Doctors Successfully Treat Rare Genetic Disorder in Utero

The disorder, called X-linked hypohidrotic ectodermal dysplasia, leaves patients unable to produce sweat, which can be life-threatening.

By Jim Daley | April 26, 2018

ISTOCK, WAVEBREAKMEDIA

Researchers have treated patients with a developmental disorder before they were born, according to a study published Wednesday (April 25) in the New England Journal of Medicine.

“It’s quite a remarkable advance . . . to be able to really alter the outcomes significantly for these affected fetuses,” Maisa Feghali, an assistant professor of maternal fetal medicine at the University of Pittsburgh who was not involved in the study, tells STAT. “There are a number of conditions for which we would seek treatment in utero, but traditionally these have been non-genetic, non-inherited conditions.”

The disorder, X-linked hypohidrotic ectodermal dysplasia (XLHED), is extremely rare, affecting one in 17,000 people worldwide, according to the National Institutes of Health. Patients with the disease cannot produce the protein ectodysplasin A. As a result, they can have missing and misshapen teeth, sparse hair, and they cannot produce sweat, which can cause them to become dangerously overheated.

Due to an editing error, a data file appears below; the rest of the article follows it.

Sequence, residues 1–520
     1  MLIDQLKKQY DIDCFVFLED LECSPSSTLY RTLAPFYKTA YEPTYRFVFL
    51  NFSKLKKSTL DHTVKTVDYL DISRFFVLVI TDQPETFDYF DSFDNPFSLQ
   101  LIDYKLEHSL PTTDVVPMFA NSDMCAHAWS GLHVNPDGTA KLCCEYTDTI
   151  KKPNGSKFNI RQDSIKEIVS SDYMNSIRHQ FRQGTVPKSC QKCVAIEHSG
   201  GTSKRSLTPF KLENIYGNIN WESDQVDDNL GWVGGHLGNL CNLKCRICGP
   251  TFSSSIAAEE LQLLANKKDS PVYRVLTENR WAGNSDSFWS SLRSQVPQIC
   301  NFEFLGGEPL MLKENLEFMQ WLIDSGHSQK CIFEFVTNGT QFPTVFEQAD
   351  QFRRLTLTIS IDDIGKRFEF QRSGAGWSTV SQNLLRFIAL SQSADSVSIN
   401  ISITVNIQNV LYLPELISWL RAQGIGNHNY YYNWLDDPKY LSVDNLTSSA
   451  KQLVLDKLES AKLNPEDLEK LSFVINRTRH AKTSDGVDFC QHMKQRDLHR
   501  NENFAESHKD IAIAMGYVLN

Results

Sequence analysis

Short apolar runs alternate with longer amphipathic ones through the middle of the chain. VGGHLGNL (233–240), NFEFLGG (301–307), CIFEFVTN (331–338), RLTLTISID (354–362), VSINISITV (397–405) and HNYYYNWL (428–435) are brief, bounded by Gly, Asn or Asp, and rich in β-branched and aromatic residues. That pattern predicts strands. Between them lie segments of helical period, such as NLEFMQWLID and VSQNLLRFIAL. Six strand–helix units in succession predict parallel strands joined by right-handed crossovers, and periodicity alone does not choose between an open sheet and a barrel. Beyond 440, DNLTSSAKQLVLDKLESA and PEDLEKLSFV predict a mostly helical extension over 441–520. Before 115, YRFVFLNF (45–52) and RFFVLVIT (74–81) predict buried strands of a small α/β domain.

Following a successful trial in mice, doctors treated a pair of twins and a third baby diagnosed with XLHED with a recombinant protein while the babies were still in utero. They treated the twins with the protein twice, at weeks 26 and 31 of pregnancy, and treated the third baby at week 26 only. Although the treatment may have led to premature birth of the twins at 33 weeks, it also appears to have been successful in all three cases. After 22 months of postnatal follow-up, the three infants were able to produce sweat normally, and had not developed XLHED-related symptoms.

“The great thing about this is the critical time points in the intrauterine development of these sweat glands,” Anna David, director of the Institute for Women’s Health at University College London, tells MIT Technology Review. “I think it is the first time you are seeing a protein drug used for correction of a genetic disorder before birth.”

Researchers are now planning a formal clinical trial of the drug, according to STAT.

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